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Toxaphene is the accepted common name for a polychlor bicyclic terpene with insecticidal properties. It may be more properly identified as a chlorinated camphene with the average empirical formula C10H10Cl8. The structural formula has not been definitely established since the chlorination of camphene may involve the addition or substitution of chlorine, a rearrangement of the molecule, or a combination of these reactions.
The technical or insecticidal grade is an amber-colored, waxy solid with a mild pine-like odor. It contains 67 to 69% chlorine and melts in the range 70 to 95 C. Although insoluble in water, toxaphene is readily soluble in inexpensive commercial solvents, especially those of an aromatic hydrocarbon nature. It is practically nonvolatile and has residual properties resembling those of DDT (dichloro-diphenyl-trichloro-ethane). Like other chlorinated hydrocarbons of this type, toxaphene slowly evolves hydrochloric acid when heated, the rate depending upon temperature and the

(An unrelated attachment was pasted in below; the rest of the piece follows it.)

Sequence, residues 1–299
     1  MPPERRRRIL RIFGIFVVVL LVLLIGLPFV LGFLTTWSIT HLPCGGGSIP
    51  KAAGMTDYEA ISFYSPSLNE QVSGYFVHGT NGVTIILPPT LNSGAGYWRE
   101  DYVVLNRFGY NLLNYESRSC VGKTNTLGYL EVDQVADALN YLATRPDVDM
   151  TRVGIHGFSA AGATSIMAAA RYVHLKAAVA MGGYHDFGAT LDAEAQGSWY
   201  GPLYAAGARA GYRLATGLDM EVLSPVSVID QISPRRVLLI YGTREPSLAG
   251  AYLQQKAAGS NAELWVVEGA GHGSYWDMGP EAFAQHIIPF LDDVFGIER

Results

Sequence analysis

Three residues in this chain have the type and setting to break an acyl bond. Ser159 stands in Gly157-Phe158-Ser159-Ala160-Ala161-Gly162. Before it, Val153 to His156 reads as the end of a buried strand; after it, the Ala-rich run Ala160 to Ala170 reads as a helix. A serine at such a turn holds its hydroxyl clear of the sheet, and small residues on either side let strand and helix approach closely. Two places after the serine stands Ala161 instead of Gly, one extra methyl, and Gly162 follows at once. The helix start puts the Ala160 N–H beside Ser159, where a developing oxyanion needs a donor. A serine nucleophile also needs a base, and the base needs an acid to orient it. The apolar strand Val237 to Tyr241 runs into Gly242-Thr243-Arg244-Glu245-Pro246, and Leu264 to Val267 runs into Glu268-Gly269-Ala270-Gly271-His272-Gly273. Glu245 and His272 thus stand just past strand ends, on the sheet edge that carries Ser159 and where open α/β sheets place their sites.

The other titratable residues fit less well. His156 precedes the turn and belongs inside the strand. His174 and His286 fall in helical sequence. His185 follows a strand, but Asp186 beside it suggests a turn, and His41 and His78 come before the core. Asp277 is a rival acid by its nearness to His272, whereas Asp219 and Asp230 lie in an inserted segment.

PHARMACOLOGIC PROPERTIES OF TOXAPHENE, A CHLORINATED HYDROCARBON INSECTICIDE. JAMA. 1952;149(12):1135-1137. doi:10.1001/jama.1952.72930290007015